Gungubele: That is not what we are going to discuss with the media. We don’t discuss those issues, these are confidential matters Stephen, these are Cabinet discussions.
Grootes: Okay — so you can’t tell me if a minister is prepared or not for meetings?
Gungubele: I mean ministers are always prepared.
The conversation then moved to Mbalula’s Ukraine tweet:
Grootes: Fikile Mbalula recently tweeted that he landed in Ukraine — it was clearly a lie — it was not true — he was asked about it — and he refused to discuss it — so we have this lie from a Cabinet minister that is just out there… is the President going to act against him for that?
Gungubele: That is a different story now, in so far as the question you raise is concerned, Stephen. That one is a matter that can probably be handled by discussions between the minister and the President.
In some ways, this interchange may demonstrate that Ramaphosa cannot act against Mbalula, or will not act against Mbalula, even though Mbalula publicly lied.
But there is other evidence of the limits of Ramaphosa’s power here.
Earlier this year, after a face-to-face meeting with Ramaphosa, Tourism Minister Lindiwe Sisulu claimed, through a media statement, that Ramaphosa had lied. She said she had not accepted that she was wrong to publish an opinion piece in IOL insulting black judges and the Constitution.
This means then, that Ramaphosa has one Cabinet minister who clearly lied, and another who has accused him, in public, of lying, and yet he has not made any moves.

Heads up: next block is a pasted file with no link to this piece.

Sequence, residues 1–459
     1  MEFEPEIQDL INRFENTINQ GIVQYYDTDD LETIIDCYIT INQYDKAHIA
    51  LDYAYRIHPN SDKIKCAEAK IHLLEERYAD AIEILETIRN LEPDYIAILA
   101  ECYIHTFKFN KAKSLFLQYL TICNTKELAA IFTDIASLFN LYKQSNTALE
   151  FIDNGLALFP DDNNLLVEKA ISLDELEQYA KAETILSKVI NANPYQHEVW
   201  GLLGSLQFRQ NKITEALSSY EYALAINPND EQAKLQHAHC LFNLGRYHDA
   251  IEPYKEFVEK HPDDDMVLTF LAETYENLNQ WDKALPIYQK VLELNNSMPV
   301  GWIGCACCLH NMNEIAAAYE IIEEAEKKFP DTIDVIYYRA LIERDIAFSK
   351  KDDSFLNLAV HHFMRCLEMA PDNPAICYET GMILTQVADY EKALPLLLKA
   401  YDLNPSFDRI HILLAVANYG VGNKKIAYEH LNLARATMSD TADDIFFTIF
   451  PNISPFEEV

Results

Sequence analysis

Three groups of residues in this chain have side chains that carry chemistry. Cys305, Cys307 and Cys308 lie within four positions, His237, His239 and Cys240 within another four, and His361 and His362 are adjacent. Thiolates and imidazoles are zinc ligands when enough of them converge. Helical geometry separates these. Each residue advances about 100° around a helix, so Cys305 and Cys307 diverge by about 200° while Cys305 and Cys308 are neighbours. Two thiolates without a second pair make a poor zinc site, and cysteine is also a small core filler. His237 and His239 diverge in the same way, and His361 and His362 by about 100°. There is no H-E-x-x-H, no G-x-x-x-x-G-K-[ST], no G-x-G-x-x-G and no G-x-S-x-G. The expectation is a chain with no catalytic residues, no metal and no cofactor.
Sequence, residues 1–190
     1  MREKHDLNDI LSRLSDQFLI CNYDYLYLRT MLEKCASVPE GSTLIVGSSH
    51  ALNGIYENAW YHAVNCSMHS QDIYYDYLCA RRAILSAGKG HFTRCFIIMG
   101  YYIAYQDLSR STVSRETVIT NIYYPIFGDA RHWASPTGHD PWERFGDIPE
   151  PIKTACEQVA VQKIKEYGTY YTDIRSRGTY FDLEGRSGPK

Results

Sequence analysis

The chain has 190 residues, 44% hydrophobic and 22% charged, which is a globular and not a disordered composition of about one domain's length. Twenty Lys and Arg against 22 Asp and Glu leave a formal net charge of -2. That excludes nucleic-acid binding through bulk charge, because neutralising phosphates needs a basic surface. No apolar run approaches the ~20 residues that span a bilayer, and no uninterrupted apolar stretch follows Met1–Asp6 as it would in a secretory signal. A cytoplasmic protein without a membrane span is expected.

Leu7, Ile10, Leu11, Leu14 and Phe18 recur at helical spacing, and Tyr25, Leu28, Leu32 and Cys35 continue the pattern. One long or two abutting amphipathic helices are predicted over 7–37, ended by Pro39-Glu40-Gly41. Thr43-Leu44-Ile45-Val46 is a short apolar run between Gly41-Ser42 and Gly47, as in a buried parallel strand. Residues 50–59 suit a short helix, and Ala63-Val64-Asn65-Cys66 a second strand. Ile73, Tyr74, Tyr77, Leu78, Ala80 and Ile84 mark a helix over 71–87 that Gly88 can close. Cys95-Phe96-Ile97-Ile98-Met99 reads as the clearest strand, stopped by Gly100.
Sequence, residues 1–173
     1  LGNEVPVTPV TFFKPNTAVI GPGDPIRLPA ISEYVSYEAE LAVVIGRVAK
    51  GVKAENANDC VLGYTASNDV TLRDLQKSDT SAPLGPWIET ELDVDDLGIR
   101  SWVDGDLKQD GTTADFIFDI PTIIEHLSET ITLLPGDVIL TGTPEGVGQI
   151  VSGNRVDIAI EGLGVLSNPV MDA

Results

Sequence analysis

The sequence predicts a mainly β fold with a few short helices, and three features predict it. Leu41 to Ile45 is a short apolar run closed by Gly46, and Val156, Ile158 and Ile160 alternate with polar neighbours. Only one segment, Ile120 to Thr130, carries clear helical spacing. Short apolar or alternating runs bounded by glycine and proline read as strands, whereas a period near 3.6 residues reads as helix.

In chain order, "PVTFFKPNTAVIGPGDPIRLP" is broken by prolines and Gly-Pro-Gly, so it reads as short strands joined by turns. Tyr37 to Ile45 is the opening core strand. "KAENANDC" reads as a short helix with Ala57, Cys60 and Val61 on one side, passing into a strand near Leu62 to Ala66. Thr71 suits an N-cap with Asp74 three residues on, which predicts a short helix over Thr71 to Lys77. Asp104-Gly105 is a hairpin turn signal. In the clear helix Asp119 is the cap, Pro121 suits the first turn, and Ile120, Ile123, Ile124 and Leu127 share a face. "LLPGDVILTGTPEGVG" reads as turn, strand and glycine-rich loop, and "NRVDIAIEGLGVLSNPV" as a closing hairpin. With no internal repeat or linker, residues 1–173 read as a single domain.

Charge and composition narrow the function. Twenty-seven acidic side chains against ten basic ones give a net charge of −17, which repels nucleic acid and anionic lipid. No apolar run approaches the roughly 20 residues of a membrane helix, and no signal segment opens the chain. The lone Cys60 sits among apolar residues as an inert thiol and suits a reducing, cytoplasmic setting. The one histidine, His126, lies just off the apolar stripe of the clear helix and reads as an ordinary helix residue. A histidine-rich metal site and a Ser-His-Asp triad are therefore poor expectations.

This points to a fragile balance of power within the ANC; there are also no obvious candidates Ramaphosa can appoint to their positions.
However, it may also suggest what could be a big disconnect between the electoral demands facing the ANC and the demands of its internal constituencies.
There is very little evidence that either Sisulu or Mbalula actually have a strong constituency in the real world. Certainly, no one appears to be campaigning for them for any position, no ANC regions or provinces have publicly displayed support for them and there appear to be few public gestures of support.
It is also clear that both the tourism sector and the transport sector are vital for voters, with tourism being a job generator engine. Transport literally affects millions of people’s lives every day.
And despite all the bombast from Mbalula, or the promises from Sisulu, there is little evidence that they are doing their jobs and working to improve the lives of voters.
And yet they stay in Cabinet.
That surely poses a risk to Ramaphosa.
Mbalula cannot even appear in public without facing criticism. He appears to be the only politician able to make comments that are condemned by both the taxi industry and the SA Council of Churches.
It is surely only a matter of time before he says something which embarrasses himself, Ramaphosa, the government and the ANC to an even more dangerous degree. Are Ramaphosa and the ANC prepared to risk losing the support of more voters, to keep someone like Fikile Mbalula in Cabinet?
In other words, will he remain unbreakable? DM